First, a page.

From an empty darkness came strands of golden, glowing lace, curving through the black night like an ancient language atop a lit canvas. It was only the Irish coast, and Manchester, England at 4 a.m. But the beauty was vivid, and the reality clear: my long day was about to get longer. I had left Phoenix 14 hours before, and was set to land in Berlin to tour the country’s renewable energy sites. I was eager to learn, and open to experience a European perspective on energy as presented by the German government and NGO InWent.
So as the passport official had me lift my cap as he compared passport photo to real guy, I hopped on the TXL bus toward Prenzlauerberg. That evening I’d meet my colleagues, and begin the Transatlantic Climate Bridge.
I didn’t ask for this chance.
When I returned from two months in Germany after a still-productive stint as a Burns Fellow, I planned to continue life in the states, maybe apply for a few transatlantic awards, maybe try to sell a few of my European stories to the networks here, maybe drink a smoothie or two.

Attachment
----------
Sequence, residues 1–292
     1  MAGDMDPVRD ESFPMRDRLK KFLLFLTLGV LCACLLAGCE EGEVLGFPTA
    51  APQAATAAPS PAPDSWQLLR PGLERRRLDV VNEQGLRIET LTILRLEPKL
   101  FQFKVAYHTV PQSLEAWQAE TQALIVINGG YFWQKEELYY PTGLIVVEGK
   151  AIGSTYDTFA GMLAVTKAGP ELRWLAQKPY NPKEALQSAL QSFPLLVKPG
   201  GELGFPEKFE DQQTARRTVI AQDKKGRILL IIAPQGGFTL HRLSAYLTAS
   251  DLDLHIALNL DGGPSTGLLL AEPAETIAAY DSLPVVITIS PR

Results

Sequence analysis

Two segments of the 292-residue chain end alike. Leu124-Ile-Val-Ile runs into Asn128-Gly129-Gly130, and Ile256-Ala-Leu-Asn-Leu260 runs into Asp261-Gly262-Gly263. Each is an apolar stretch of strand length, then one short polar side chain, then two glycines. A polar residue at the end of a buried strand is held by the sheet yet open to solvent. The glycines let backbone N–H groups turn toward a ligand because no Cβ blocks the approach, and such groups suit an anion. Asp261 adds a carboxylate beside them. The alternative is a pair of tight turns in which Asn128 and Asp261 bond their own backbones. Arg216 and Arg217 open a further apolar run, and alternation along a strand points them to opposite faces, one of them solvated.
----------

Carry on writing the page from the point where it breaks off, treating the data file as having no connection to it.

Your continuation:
But then something happened. Networking happened.
The local honorary German consul had helped me story storm before heading abroad, and I’ve worked with him on a few feature stories in the past. The German Embassy in Washington was looking for a handful of nominations from consular offices, of journalists with an interest in Germany and renewable energy.
And with my journalistic dossier continuing to fill with internationally-focused radio stories, my name happened to make it into the mix…
You could call this a precursor to the much-anticipated “In Search of Blue Water: Part 2.” I’m sure my reflections on sailing the coastal waters of Catalina/Santa Barbara Islands will be just as potent, if not more introspective. This post is my warm-up. The last weeks re-acclimating to the U.S., to another time zone, to “standard” food, entertainment, and everyday trials have been interestingly frustrating. No thanks to, but not exclusively because of, the Sandman.
Like much of Europe, Bremen has a well-stocked cabinet of ancient buildings and interesting avenues. After a quick visit to Berlin for an interview I took a morning train to the port city for a talk with Lufthansa student pilots I had first met in Arizona. I also went to Groepeling to profile an Elternschule, classes for poor, young parents. Despite the requisite rain, Bremen offered some tid bits of interest.